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Golden Dysprosium's avatar

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Just throwing it out there: you don't need to go through the whole process of cloning to create new organs. All you need is love stem cells.
Golden Dysprosium

That's not the same. I know, since I did a project about that. Besides, that's just a cell dividing (I find skin cells to be rather lack-lustre; nerves and macrophages are cooler) , as opposed to with cloning which is the whole sperm+egg routine.


According to law, it is the same.
Golden Dysprosium
Just throwing it out there: you don't need to go through the whole process of cloning to create new organs. All you need is love stem cells.


Using stem cells with someone else's DNA usually has problems, and doesn't turn out well.
Golden Dysprosium's avatar

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ShiftyT
Golden Dysprosium

That's not the same. I know, since I did a project about that. Besides, that's just a cell dividing (I find skin cells to be rather lack-lustre; nerves and macrophages are cooler) , as opposed to with cloning which is the whole sperm+egg routine.

According to law, it is the same.

What "law" states that you need cloning to create skin cells? Hell, they're not even created via the same process. Cloning involves gamates which produce an organism through a couple thousand rounds of meiosis, just as a regular embryo would. Stratified squamous epithelial cells (skin cells) are produced via mitosis in the basal membrane. The nice thing is, skin is defined as being an organ, since it meets the criteria.
So, like I said, WTF are you talking about?
Quote:
Using stem cells with someone else's DNA usually has problems, and doesn't turn out well

I know. It's subject to (roughly) the same problem they had with blood transfusions, except with blood it's merely a question of matching up antigens, which isn't overly vexing, since there are only a handful of blood types.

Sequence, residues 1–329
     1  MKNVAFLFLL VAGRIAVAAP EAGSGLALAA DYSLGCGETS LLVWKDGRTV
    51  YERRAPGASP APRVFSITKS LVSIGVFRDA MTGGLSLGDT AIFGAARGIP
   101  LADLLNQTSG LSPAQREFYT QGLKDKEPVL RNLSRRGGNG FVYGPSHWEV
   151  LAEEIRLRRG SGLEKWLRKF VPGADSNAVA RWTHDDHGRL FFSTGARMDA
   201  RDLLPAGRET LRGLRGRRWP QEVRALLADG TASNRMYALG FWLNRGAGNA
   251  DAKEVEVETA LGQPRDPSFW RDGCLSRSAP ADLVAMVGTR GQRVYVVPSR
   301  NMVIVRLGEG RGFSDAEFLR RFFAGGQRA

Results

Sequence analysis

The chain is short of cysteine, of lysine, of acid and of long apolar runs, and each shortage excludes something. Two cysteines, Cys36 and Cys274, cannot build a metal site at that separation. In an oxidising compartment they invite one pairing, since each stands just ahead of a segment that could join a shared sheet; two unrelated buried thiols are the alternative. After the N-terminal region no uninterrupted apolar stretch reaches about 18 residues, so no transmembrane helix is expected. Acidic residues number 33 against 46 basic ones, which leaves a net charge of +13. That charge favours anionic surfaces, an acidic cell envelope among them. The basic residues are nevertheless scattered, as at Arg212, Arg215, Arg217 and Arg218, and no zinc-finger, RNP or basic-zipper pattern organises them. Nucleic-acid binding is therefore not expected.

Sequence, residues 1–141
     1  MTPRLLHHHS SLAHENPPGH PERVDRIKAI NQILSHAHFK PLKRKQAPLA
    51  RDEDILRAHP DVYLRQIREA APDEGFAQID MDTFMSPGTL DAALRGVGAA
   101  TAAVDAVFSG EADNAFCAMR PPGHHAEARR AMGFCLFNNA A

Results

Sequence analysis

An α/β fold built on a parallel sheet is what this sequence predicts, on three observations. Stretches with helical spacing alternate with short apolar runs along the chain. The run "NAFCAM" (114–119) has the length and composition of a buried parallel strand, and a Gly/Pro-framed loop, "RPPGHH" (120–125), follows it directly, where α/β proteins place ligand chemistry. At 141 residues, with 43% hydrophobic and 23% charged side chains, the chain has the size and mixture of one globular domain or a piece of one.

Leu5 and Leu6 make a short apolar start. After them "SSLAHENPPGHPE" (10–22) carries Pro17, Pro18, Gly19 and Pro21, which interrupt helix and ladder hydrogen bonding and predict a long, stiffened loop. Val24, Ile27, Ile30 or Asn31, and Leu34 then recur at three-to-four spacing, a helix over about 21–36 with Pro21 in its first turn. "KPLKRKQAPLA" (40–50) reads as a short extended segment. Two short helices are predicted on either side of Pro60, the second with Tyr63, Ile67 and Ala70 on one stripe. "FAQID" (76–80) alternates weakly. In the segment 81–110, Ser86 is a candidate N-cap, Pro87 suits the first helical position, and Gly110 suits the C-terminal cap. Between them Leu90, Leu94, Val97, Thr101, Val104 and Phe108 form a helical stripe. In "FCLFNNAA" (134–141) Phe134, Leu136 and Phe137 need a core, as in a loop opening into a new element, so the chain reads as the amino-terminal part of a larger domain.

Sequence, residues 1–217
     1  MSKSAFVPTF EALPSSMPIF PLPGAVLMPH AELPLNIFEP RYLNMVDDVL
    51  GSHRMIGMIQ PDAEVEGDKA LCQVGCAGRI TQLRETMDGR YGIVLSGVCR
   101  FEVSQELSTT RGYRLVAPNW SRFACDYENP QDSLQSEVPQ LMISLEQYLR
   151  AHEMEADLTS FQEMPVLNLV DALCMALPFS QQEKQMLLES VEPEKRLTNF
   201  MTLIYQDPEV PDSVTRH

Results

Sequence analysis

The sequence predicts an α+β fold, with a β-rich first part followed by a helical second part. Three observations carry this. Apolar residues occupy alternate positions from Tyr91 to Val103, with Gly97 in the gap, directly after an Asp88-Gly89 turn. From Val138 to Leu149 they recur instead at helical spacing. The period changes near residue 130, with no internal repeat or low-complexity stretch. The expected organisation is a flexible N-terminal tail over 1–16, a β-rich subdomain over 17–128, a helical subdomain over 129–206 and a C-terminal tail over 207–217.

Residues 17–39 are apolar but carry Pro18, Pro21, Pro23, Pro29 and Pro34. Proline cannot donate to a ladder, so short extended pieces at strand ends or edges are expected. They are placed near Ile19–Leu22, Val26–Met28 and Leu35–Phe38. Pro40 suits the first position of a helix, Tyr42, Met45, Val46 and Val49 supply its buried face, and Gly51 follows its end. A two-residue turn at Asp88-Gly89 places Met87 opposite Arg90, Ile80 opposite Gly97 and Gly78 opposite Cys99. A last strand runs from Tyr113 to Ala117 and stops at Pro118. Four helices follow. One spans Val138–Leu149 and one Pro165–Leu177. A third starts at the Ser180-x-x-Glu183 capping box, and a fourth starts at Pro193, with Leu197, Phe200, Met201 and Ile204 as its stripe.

For "best" results, you'd have to take the stem cells from the patient's own red bone marrow to grow a new organ, but I'd be somewhat skeptical about the effectiveness, since red bone marrow cells aren't as versatile as, say, umbilical stem cells.
Pondering Horizon's avatar

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Well say we did have the tech to clone humans, we could easily accidentally overpopulate Earth and end up killing us all.
Golden Dysprosium's avatar

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Pondering Horizon
Well say we did have the tech to clone humans, we could easily accidentally overpopulate Earth and end up killing us all.

I can't see them mass producing clones for anything but war, like they did in Star Wars, or as doubles to foil assassination attempts.
Kiraden's avatar

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Golden Dysprosium
Pondering Horizon
Well say we did have the tech to clone humans, we could easily accidentally overpopulate Earth and end up killing us all.

I can't see them mass producing clones for anything but war, like they did in Star Wars, or as doubles to foil assassination attempts.



That's the thing, clones can't be made fast enough to make an army or anything. The term "test tube baby" is a complete misnomer. For a clone to be made, the embryo has to be put into a woman to birth it. Good luck finding 200 fertile women who are willing to have clones born in their ----s. Not to mention that (right now at least) cloning has a high failure rate. It took 277 tries to clone Dolly, a sheep. Imagine how many tries it will take to make a human clone.

Clones also aren't born as adults. They age too, so bottom line: If you want an army, hire a mercenary corporation.
Golden Dysprosium

What "law" states that you need cloning to create skin cells? Hell, they're not even created via the same process. Cloning involves gamates which produce an organism through a couple thousand rounds of meiosis, just as a regular embryo would. Stratified squamous epithelial cells (skin cells) are produced via mitosis in the basal membrane. The nice thing is, skin is defined as being an organ, since it meets the criteria.
So, like I said, WTF are you talking about?


I was talking about using cloning to get same DNA stem cells to restore skin cells, since that was what the OP was talking about. I'm sure he meant for fourth degree burns, as an alternative grafting method. Embryonic stem cells are a potentially viable method:

"Human embryonic stem-cell derivatives for full reconstruction of the pluristratified epidermis: a preclinical study."

Should be able to get this study on Pubmed, JSTOR, Medline, BIOSIS, or whatever your university subscribes to.

Golden Dysprosium

I know. It's subject to (roughly) the same problem they had with blood transfusions, except with blood it's merely a question of matching up antigens, which isn't overly vexing, since there are only a handful of blood types.